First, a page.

At present, lawmakers have been batting to amend the restrictive economic provisions of the Constitution to keep up to the times due to the effects of COVID-19.
Aquino said he does not believe that this is the real reason for the proposed cha-cha.
“I will not, however, accept the pretext that our concern with COVID-19 and whatever mutations might have arisen and will yet arise should be the main reason that we do not have charter change,” Aquino said.
Aquino also said that proposing amendments to the Constitution takes a lot of time.
“If our legislators were not confident about a draft that our committee took all of six months to write, with the members of the Committee working exclusively on the task at hand and meeting every day from morning to evening, should we be more confident about a draft that will be hammered out by an already overloaded and overworked legislature?”
The Senate committee, which is chaired by Sen. Francis Pangilinan, tackled Resolution of Both Houses 1 (a resolution of both houses of Congress proposing amendments to certain restrictive economic provisions of the 1987 Constitution filed by Sen. Sherwin Gatchalian), Resolution of Both Houses 2 (to convene the 18th Congress as a constitutional assembly to introduce limited amendments to the Constitution filed by Senators Francis Tolentino and Ronald dela Rosa), and Senate Joint Resolution 1 (to propose amendments to or revisions to the economic provisions of the Constitution introduced by Sen. Richard Gordon).
During the hearing, Pangilinan asked the resource persons what their positions were on three questions: (1) Is there a need to revise the Constitution? (2) Should the revisions be proposed by a constitutional assembly or constitutional convention? and (3) if Congress convenes as a con-ass, should the Senate and House of Representatives vote jointly or separately.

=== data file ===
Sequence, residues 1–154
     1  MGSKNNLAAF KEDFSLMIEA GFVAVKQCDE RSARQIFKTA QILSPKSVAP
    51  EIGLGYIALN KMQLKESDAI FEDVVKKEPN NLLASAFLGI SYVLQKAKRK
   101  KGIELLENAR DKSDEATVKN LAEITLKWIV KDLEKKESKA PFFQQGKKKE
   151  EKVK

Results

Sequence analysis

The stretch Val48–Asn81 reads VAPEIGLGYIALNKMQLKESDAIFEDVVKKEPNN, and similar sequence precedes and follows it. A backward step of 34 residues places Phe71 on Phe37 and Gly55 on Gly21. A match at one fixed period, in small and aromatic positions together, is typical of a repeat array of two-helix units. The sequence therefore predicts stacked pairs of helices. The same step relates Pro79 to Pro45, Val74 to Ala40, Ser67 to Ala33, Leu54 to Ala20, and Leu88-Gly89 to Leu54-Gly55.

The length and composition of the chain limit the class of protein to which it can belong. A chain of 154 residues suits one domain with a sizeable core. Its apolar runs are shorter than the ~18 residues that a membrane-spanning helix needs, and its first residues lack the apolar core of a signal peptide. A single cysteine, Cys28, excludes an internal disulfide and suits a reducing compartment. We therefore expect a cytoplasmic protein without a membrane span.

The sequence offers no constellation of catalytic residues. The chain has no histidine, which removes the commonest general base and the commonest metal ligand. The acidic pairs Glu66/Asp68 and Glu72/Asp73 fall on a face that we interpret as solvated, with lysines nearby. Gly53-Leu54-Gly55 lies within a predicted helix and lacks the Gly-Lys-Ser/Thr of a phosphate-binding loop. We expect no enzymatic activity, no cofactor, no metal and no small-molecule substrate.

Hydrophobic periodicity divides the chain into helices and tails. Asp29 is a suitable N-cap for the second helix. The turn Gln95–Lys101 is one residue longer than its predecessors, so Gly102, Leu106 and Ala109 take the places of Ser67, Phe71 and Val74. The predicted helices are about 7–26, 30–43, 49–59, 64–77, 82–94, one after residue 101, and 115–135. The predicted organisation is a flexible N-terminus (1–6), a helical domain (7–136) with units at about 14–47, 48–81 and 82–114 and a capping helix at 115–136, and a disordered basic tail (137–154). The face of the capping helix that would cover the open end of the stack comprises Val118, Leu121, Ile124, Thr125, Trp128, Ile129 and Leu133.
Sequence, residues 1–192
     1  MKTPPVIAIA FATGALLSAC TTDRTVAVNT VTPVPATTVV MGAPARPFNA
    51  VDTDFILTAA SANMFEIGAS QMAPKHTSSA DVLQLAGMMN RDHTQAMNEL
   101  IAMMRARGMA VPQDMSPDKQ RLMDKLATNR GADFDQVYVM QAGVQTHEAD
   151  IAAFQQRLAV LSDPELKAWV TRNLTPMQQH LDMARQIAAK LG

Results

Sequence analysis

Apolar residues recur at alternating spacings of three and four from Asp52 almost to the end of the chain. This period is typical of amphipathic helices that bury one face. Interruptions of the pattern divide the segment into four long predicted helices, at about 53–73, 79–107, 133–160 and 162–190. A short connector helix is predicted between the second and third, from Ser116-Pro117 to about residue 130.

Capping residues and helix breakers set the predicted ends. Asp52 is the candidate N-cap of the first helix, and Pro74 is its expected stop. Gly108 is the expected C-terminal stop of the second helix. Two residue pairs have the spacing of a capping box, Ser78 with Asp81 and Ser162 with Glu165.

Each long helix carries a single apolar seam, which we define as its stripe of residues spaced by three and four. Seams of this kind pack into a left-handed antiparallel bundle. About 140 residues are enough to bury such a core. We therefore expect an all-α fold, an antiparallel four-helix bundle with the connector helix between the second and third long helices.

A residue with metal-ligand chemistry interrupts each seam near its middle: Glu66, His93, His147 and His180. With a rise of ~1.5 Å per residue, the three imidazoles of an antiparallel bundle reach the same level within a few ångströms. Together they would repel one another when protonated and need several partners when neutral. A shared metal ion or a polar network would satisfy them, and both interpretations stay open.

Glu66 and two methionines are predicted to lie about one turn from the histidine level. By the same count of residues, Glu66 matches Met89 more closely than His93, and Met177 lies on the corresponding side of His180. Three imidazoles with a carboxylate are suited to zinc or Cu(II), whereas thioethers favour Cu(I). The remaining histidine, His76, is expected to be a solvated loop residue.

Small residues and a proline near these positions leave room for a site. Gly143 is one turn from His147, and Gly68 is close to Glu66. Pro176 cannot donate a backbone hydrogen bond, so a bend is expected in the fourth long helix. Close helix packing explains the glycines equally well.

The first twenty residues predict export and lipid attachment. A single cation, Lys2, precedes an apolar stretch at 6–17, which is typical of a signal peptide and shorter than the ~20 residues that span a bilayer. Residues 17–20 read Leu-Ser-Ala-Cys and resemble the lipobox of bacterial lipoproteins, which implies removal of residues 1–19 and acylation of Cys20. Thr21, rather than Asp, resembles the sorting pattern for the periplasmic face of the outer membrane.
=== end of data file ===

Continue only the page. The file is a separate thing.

Rep. Alfredo Garbin, House committee on constitutional amendments chair, has been defending the timing of the proposed Cha-cha, as he assured that only the economic provisions will be amended.
Senate minority leader Franklin Drilon has said that Cha-cha can wait until the next administration since doing so at the near-end of a President’s term cast doubts as to the advocates’ real agenda.
Sen. Panfilo Lacson filed Senate Resolution 623 to unequivocally clarify that voting to revise or amend certain provisions of the Constitution will be done separately via a ¾ votes of the Senate and the House with each house voting in plenary.
Lacson said the House of Representatives is proposing amendments although still at the committee level.
“Whereas, said proposition would not in any way diminish the amending process to the nature of an ordinary legislation, considering that in the exercise thereof, the members of Congress become a component element of a constituent assembly whose authority is derived from the Constitution as ruled by the Supreme Court in the case of Tolentino vs Comelec, G.R. No. L-34150, Oct. 16, 1971,” Lacson said.